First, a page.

Population Health Research Network submission

Date: 1 February 2011

Office of the Australian Information Commissioner
GPO Box 2999
Canberra Act 2601
Email: issuespaper1@oaic.gov.au

Issues Paper 1 - Towards an Australian Government Information Policy

The Population Health Research Network (PHRN) welcomes the publication of this Issues Paper and supports the open consultation and dialogue on Commonwealth government information policies. PHRN is pleased to provide the following submission.

Background

The PHRN is responsible for the creation of a research infrastructure that will enable research using linked non-identifiable data from health data collections across all jurisdictions in Australia. The data linkage infrastructure will support the beneficial use of information held by governments for population based research to improve the health and wellbeing of Australians and enhance the effectiveness and efficiency of health services

The PHRN was established in 2009 with collaboration between Australian state and territory governments and their academic partners to develop national health data linkage infrastructure. It has received $30 million from the Australian Government Department of Innovation, Industry, Science and Research (DIISR) through the National Collaborative Research Infrastructure Strategy and the Education Investment Fund. State and territory governments and their academic partners have contributed a further $32 million in cash and in-kind.

The PHRN is working with states and territories to develop safe and secure infrastructure for the linkage of health and related data contained in statutory and administrative data collections, and for the provision of this data to data users for approved projects. PHRN is also developing the capacity to link data across state and territory boundaries.

The PHRN is governed by a Management Council including an independent Chair (Professor Brendon Kearney), a nominee from each state node, a nominee of the Commonwealth Department of Health and Ageing, and two researcher members. The PHRN Program Office is responsible for managing the governance of the Network and for developing the policies and procedures adopted in the Network including those applicable to access to information through the data linkage infrastructure.

The purpose of the PHRN is to support the conduct and quality of population level research which can be conducted without researchers having access to personal information. The protection of privacy is, therefore, central to the rationale and activities of the PHRN.

General Comments

The PHRN strongly supports the view expressed in the Issues Paper that information held by governments is a national resource and that the value should be maximised by making it available for reuse.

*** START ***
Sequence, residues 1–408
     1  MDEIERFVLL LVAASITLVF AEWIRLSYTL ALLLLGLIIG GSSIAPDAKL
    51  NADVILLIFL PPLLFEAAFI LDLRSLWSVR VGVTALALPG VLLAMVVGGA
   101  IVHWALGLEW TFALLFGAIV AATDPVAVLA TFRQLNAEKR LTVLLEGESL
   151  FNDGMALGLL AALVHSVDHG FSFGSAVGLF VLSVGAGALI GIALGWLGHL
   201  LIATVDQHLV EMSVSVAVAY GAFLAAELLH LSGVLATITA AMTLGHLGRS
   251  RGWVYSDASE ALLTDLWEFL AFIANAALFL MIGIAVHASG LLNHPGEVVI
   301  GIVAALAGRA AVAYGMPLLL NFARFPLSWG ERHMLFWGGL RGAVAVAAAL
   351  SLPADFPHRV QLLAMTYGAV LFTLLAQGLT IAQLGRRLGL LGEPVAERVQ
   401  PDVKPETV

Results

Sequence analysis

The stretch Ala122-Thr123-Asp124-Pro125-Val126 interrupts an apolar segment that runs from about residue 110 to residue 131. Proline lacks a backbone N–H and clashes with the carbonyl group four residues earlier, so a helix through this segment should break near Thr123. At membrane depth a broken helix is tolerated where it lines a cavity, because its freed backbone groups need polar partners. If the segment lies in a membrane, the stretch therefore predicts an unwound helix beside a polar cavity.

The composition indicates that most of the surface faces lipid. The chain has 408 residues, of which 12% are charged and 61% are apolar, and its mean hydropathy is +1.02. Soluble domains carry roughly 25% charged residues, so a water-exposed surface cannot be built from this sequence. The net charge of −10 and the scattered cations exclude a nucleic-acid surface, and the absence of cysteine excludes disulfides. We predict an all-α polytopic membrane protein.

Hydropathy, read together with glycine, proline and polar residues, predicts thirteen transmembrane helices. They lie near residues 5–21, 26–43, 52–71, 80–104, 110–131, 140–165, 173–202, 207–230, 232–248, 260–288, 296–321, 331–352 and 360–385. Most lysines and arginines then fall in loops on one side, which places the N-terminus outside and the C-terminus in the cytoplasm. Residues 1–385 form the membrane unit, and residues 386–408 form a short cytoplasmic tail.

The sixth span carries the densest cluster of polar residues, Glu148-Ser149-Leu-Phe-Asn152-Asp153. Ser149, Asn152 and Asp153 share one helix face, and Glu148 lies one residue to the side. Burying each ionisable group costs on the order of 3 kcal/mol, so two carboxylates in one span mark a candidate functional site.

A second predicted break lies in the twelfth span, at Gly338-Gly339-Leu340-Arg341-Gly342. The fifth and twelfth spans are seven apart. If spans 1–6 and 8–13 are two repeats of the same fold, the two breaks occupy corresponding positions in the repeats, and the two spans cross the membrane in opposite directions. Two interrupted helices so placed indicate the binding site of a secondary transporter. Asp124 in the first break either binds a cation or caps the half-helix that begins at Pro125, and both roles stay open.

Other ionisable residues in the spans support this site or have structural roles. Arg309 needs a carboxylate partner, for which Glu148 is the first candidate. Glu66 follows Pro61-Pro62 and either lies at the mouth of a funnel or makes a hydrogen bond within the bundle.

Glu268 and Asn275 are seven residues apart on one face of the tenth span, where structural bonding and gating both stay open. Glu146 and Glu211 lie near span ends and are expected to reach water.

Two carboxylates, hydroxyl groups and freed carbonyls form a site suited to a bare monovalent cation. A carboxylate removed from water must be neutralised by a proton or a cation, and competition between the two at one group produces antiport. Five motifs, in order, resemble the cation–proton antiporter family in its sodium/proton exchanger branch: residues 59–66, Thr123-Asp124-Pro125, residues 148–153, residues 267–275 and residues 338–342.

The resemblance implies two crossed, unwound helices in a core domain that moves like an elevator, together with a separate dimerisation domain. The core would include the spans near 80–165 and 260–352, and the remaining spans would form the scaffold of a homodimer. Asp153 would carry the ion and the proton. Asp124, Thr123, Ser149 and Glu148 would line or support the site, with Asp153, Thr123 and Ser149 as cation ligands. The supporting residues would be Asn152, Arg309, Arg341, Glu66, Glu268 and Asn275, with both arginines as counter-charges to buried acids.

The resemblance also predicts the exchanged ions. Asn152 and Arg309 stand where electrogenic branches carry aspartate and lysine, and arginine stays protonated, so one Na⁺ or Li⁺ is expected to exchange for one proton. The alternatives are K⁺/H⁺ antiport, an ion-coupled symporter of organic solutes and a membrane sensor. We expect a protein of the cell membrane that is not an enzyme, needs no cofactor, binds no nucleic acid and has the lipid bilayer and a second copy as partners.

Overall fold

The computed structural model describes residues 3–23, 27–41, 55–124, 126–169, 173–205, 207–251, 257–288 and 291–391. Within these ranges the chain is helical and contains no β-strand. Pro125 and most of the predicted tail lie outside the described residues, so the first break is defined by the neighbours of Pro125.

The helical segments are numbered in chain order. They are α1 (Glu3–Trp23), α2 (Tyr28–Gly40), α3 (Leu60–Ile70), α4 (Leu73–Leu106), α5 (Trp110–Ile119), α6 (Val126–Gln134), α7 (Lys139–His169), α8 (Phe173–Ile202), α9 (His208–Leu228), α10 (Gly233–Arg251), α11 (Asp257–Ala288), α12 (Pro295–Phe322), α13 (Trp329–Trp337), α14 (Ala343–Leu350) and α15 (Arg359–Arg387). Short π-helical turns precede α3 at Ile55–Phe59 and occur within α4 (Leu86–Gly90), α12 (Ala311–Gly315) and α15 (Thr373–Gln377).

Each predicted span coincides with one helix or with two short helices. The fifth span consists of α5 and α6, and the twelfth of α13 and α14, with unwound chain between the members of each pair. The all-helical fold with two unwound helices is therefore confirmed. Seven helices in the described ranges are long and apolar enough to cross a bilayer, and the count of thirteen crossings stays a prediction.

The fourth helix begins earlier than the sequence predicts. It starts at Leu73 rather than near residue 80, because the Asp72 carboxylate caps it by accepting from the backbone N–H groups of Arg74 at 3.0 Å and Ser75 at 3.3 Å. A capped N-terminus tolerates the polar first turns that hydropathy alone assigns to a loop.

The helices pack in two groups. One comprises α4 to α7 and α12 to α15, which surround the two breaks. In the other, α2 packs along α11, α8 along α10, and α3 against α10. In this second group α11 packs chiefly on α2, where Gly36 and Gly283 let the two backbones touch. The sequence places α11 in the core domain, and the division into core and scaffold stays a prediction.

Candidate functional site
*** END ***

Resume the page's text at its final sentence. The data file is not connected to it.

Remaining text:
Administrative health data held by governments can support health research which will improve health outcomes for all Australians and improve the efficiency and effectiveness of health service delivery. This potential is not yet being fully realised.

The beneficial use of administrative data for research must be balanced with the protection of individuals’ privacy. Government information policies must ensure that proper recognition is given to the protection of privacy interests. There is, however, a danger that concerns about privacy can lead to the refusal to allow the use of information. Good information policies should avoid defensive responses to privacy concerns and encourage sensible management of privacy risks.

The PHRN is supporting the development of data linkage capacity that can provide researchers with high quality non-identifiable data. The data linkage capacity enables the conduct of valuable research which could otherwise only be conducted using identifiable health information. The PHRN believes that government policies should recognise and support the development of infrastructure that can both maximise the beneficial use of information and maximise the protection of privacy.

Comments on the Key Issues

Ensuring a coordinated approach

One of the obstacles to access to government data by researchers is the lack of consistent and transparent policies which reflect the view that the beneficial use of government information should be maximised. A particular difficulty is the lack of co-ordination across different levels of government, with widely differing approaches being adopted at Commonwealth and State/Territory levels.

The PHRN therefore supports the development of a co-ordinated approach across all levels of government.

The PHRN is concerned that information management policies developed by some government agencies in the past have not demonstrated understanding of the needs and methods of health researchers. If information management policies are to be effective in maximising the beneficial use of government information a close understanding of the needs and interests of potential users of the information is required.